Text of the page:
Attorneys for Congressman Chaka Fattah attacked the credibility of a key prosecution witness in his corruption trial Thursday, getting the political consultant to concede he was not always honest with family, friends and colleagues.
The admission came on the fourth day of testimony in the federal corruption trial against the 11-term congressman and four of his associates. Each is charged with an array of RICO violations, ranging from conspiracy to bribery to money laundering and bank fraud, in what is expected to be an eight-week trial.
Testifying for a second day Thursday, Thomas Lindenfeld, who pleaded guilty to wire fraud in 2014 and has agreed to cooperate with the government in exchange for a lighter sentence, barely gave Fattah, his former longtime colleague and confidant, a glance.
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“You admitted you committed a federal crime – a scheme to commit fraud. You knowingly participated in a conspiracy,” defense attorney Samuel Silver, pressed Lindenfeld under cross-examination.
“Did you even deceive your wife … in any way?”
“I didn’t tell her the whole truth, no,” said Lindenfeld.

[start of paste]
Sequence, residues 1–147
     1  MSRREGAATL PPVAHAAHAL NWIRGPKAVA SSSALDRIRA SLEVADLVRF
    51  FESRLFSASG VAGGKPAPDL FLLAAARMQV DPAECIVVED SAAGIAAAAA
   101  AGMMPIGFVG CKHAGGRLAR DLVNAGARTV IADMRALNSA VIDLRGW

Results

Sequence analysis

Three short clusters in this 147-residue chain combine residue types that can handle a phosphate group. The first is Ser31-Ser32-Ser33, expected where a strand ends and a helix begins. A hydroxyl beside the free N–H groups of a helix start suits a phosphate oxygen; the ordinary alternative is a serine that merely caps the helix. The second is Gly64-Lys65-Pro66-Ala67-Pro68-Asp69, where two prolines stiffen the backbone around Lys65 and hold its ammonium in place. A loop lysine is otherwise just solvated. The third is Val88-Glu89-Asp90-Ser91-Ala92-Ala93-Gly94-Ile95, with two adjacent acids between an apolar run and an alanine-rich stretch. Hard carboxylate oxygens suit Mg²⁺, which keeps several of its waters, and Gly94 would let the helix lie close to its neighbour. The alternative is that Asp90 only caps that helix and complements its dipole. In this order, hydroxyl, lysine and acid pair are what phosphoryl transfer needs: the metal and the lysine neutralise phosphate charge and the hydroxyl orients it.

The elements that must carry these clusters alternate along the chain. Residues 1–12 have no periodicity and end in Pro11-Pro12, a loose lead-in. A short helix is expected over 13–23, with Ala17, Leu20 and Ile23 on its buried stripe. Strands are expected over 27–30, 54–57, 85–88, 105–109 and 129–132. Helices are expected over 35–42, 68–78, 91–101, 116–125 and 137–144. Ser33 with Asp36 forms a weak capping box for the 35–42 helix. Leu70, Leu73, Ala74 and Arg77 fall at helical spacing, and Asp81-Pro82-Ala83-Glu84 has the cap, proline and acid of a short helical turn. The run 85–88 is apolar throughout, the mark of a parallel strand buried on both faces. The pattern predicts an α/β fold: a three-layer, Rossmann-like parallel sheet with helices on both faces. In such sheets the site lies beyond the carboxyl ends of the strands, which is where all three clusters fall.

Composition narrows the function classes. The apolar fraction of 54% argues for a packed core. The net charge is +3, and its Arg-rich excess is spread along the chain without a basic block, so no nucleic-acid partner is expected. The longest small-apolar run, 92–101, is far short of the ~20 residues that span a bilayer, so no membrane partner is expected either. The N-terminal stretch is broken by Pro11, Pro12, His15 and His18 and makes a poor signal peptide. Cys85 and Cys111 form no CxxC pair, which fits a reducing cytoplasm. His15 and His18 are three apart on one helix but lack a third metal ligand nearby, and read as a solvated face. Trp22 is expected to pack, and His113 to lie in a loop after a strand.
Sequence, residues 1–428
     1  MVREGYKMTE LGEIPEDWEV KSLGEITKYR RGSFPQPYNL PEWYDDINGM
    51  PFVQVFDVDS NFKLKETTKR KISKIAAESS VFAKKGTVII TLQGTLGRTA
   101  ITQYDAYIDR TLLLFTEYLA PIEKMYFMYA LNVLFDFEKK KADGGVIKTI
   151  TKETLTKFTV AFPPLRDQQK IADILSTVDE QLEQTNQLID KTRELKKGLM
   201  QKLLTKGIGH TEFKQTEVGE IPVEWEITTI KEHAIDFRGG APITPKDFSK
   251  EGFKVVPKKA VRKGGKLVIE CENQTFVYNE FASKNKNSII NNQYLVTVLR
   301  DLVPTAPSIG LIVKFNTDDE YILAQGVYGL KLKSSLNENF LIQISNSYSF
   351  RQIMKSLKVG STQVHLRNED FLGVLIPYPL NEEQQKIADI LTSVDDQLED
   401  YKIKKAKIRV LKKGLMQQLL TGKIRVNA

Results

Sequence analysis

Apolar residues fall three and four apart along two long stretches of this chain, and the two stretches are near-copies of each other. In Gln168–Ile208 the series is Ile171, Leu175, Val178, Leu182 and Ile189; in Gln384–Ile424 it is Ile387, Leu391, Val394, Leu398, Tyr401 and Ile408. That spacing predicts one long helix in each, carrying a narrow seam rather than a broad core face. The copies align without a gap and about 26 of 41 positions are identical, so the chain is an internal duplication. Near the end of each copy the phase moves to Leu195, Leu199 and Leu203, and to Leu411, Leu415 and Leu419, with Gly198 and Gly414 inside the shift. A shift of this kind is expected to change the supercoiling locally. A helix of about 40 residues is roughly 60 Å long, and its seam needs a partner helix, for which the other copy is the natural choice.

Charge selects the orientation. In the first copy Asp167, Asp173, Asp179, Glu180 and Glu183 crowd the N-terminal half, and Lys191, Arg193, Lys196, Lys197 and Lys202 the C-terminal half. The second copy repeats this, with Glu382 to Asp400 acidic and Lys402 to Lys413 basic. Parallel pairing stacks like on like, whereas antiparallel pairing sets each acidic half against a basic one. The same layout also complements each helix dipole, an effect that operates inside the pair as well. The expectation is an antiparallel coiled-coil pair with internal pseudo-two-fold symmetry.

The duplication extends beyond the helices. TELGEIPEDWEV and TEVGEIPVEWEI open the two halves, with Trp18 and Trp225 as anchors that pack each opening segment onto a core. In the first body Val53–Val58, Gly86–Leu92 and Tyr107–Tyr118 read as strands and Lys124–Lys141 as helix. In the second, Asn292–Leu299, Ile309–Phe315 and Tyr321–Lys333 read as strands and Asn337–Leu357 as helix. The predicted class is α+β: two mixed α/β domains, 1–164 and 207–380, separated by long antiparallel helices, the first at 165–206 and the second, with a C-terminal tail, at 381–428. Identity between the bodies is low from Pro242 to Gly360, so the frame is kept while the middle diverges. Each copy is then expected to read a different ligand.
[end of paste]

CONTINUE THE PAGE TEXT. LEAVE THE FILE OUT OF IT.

Prosecutors contend that Fattah, Lindenfeld, and another government witness, Gregory Naylor, as well as other co-conspirators, engaged in a scheme to violate the local campaign finance laws during Fattah’s race for mayor of Philadelphia in April 2007.
Allegations in the government’s indictment assert Fattah arranged for an illegal $1 million campaign loan from Al Lord, the wealthy CEO of the student-loan giant Sallie Mae. To conceal this loan, prosecutors say Fattah and Lindenfeld routed the money from Lord through Lindenfeld’s political consulting firm, LSG.
On cross-examination, Silver sought to show Lindenfeld's testimony was an attempt to spare himself a long prison sentence.
“You face a maximum penalty of 20 years in prison as a result. You’re 61 years old. You could be in there until you’re 81 if you don’t get leniency,” he said.
On Wednesday, Lindenfeld admitted he had doubts about Fattah’s ability to raise campaign funds, yet he accepted Lord’s loan money despite that. He said he expected Fattah to pay back that loan because he trusted him.
“You put your company on the line. Your company was in dire straits. The campaign was desperate for funding, right?” asked Silver.
“At the time, you knew you were involved in a fraudulent scheme?”
“Yes,” said Lindenfeld.